### Finding percentiles from the z-score list. Finding the proportion at an exact number on a list of a normally distributed set

Finding percentiles from the z-score list.
One of the things we can do with the z-score to proportion list is find a z-score that corresponds to the cut-off point for a particular percentile. Here are two examples at the 8th percentile and the 80th percentile.

The 8th percentile. because 8 < 50, we will look on the negative z-score side of the sheet. What we want to find is the two positions on the table where the values go from .08xx to .07xx. you will find then in the -1.4 row at the first two positions.

-1.40 -> 0.0808 (8 above 0.0800)
-1.41 -> 0.0793 (7 below 0.0800)

Because 7 < 8, -1.41 counts as the closest to the two, but we should check to see if the average -1.405 would be better. We look at far/close which is 8/7 ~= 1.142857... and if it's less than 3 (it is), we will use the average,so the z-score for the 8th percentile is -1.405.

The 80th percentile. because 80 > 50, we will look on the positive z-score side of the sheet. What we want to find is the two positions on the table where the values go from .79xx to .80xx. you will find then in the 0.8 row in the middle.

0.84 -> 0.7995 (5 below 0.8000)
0.85 -> 0.8023 (23 above 0.8000)

Because 5 < 23, 0.84 counts as the closest to the two, but we should check to see if the average 0.845 would be better. We look at far/close which is 23/5 = 4.6 and if it's more than 3 (it is), we will use the closest instead of the average,so the z-score for the 80th percentile is 0.84.

Finding the proportion at an exact number on a list of a normally distributed set. Consider the SAT values for average mu_x = 500 and sigma_x = 100. SAT scores are always round to the nearest 10, so if we want to find out what percentage of scores are at 600, we have to look at the proportion at 605 and 595.

Raw score 605 become the z-score (605-500)/100 = 105/100 = 1.05, which corresponds to 0.8531

Raw score 595 become the z-score (595-500)/100 = 95/100 = 0.95, which corresponds to 0.8289.

We subtract the small proportion from the big, .8531 - .8289 = .0242. This means about 2.42% of SAT takers will get exactly 600 on one section of the SAT.

## Thursday, July 16, 2015

### Finding x and y when we are given their sum and product

If we think about a rectangle, the sum of the two adjacent sides is half the perimeter and their product is the area. If we are given the sum and product, can we find the two side lengths? This is the original problem that was being considered when the quadratic formula was derived nearly 900 years ago, though many civilizations before this had something like the idea that is about to be presented.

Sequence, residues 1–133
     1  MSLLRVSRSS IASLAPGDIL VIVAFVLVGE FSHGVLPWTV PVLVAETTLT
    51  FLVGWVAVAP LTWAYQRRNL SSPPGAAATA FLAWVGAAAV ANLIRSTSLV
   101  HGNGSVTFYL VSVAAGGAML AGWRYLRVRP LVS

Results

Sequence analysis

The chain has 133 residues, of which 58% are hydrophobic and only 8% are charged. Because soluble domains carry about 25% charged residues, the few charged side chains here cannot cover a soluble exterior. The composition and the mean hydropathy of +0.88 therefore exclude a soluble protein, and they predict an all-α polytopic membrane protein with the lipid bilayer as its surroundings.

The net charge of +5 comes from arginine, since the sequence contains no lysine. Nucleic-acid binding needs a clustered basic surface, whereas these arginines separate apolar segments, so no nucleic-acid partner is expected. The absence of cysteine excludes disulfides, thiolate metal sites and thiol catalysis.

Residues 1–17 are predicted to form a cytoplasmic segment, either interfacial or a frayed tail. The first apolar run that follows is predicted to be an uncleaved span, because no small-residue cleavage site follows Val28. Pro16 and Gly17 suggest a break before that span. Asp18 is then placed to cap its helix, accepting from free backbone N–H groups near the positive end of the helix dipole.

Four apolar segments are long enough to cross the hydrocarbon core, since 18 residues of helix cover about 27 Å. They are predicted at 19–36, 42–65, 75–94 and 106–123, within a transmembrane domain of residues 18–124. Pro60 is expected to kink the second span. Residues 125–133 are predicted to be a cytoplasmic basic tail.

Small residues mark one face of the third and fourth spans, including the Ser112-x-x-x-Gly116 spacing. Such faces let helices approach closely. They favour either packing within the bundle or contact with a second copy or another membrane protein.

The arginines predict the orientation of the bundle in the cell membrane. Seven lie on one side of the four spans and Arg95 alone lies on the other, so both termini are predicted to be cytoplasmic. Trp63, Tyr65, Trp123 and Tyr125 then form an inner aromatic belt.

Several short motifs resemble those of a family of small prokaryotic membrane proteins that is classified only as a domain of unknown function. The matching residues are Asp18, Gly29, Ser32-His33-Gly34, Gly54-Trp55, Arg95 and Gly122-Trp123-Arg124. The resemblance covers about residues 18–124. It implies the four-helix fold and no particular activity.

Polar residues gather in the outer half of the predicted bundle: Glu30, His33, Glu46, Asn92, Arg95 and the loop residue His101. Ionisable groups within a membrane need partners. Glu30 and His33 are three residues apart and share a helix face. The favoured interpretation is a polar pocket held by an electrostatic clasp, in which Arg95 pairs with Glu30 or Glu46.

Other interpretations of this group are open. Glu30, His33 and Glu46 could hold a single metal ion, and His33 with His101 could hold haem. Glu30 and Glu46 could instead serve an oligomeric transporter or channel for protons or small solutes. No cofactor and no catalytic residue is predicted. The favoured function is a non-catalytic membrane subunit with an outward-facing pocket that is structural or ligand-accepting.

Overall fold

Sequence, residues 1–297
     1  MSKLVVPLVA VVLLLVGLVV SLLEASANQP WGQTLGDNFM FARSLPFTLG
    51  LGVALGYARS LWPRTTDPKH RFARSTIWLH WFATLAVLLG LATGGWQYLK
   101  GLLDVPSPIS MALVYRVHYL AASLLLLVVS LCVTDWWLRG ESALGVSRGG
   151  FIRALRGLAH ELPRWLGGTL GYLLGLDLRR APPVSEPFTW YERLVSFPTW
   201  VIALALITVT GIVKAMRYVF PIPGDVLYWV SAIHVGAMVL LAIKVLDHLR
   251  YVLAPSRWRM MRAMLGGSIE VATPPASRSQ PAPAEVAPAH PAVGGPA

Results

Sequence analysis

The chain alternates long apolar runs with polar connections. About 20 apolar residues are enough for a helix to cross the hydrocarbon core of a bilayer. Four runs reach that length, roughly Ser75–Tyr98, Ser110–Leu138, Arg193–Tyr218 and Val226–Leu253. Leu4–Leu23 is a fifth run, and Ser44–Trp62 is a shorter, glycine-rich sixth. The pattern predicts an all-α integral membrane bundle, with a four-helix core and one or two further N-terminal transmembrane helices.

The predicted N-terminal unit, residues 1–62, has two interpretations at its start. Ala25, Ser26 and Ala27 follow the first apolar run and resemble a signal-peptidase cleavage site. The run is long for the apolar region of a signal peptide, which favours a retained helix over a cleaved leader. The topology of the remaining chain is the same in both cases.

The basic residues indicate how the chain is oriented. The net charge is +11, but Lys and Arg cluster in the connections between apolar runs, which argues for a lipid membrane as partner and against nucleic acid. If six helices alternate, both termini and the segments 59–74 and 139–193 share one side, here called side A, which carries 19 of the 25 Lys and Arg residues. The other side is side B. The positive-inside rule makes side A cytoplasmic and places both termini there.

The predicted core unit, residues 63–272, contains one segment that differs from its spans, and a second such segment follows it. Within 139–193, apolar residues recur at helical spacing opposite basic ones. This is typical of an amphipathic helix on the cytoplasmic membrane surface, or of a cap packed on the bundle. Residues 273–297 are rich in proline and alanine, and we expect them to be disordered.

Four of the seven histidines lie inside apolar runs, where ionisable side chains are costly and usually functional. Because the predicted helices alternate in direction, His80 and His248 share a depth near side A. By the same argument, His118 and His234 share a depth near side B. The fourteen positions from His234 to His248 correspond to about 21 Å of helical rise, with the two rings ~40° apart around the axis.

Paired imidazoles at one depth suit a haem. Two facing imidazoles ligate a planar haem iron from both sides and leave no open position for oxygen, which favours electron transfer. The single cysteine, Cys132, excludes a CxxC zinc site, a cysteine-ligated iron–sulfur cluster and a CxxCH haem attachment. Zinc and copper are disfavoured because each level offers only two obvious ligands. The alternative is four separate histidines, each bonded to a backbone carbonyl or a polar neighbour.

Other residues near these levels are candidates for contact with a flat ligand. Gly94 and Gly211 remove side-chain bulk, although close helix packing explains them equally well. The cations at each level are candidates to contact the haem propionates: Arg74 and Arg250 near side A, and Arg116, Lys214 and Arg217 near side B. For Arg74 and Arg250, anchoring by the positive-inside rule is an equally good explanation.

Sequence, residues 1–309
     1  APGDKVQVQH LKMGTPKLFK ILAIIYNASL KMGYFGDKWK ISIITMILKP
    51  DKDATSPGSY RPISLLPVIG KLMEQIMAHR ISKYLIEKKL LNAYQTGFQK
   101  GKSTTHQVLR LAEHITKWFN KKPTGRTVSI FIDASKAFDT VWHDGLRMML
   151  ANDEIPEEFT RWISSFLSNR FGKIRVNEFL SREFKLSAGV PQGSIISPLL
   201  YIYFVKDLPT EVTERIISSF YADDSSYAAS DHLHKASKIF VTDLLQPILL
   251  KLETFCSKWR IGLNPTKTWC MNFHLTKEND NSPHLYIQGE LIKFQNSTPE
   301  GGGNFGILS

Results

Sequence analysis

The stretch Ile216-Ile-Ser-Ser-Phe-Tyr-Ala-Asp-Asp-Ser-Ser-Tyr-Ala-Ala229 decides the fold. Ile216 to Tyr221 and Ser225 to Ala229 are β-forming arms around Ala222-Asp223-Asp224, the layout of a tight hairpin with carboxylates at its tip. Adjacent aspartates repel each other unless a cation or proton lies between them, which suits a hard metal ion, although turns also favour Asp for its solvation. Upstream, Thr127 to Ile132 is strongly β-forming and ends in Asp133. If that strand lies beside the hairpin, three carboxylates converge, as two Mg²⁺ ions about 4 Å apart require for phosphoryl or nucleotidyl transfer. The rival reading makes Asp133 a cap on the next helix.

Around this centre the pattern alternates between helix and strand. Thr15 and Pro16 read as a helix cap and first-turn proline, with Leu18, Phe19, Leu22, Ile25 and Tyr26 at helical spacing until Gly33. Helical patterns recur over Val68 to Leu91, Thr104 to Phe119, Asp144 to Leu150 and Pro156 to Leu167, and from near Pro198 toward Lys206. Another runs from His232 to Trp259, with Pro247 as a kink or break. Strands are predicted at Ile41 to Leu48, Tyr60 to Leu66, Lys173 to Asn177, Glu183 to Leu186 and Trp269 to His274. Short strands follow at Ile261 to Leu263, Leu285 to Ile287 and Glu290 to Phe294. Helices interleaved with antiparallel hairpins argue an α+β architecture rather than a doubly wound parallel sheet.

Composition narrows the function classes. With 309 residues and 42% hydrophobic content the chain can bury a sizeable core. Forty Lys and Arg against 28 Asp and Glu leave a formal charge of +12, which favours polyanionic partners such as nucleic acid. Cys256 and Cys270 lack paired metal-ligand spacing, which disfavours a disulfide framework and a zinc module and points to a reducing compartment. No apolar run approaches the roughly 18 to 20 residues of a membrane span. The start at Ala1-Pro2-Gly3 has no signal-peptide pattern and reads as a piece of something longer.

x + y = sum
xy = product

Let's call half the sum a, which stands for average. Since we are given the sum, a is a known quantity as well. It might be that x = y = a, but generally what is true is we can find a number d, which stands for difference such that

x = a + d
y = a - d

This means the product is the difference of squares, (a + d)(a - d) = a² - d².

Using this, here is how we solve a given problem.

Problem: The sum is 14 and the product is 24.

Solution method: The average a = 7, so we need to solve for d.

(7 + d)(7 - d) = 7² - d² = 49 - = 24

Subtract 24 from each side to get

25 - = 0

Add d² to both sides to get

d² = 25.

Take the square root to get d = 5. We use the numbers 7 and 5 in the following way.

7 + 5 = 12
7 - 5 = 2

12 + 2= 14
12 x 2 = 24

With this problem, you could have used guessing and checking to try to find two numbers that added up to 14 (13 and 1, 12 and 2, 11 and 3, no wait, go back to 12 and 2) where the product was 24. let's do one where guessing and checking isn't an option.

Problem: The sum is 15 and the product is 45.

Solution: The average is 7.5 and a² = 56.25. So 56.25 - = 45.

Subtracting, we get 11.25 - = 0 or d² = 11.25 = 45/4.

Taking square roots, we get d = sqrt(45/4), which simplifies to 3sqrt(5)/2, which rounds to 3.354. Our two numbers are

7.5 + 2sqrt(5)/2 and 7.5 - 2sqrt(5)/2, which round to 10.854 and and 4.146.

More problems of this type.

Problem: The sum is 20 and the product is 40.

Problem: The sum is 40 and the product is 20.

Problem: The sum is 10 and the product is 40.

Problem: The sum is 40 and the product is 10.

## Wednesday, July 8, 2015

### Prep for midterm 2

Midterm 2 will be based on homeworks 4 through 7 and the biographies of the five British logicians, Boole, Babbage, De Morgan, Dodgson and Lovelace. The most recent posts on this blog from the June 28th post about Richter scale up through the logician biographies will be of the most use in studying.

## Thursday, July 2, 2015

### Links to practice problems for distance between two points and area of a triangle defined by three points, one of which is (0, 0)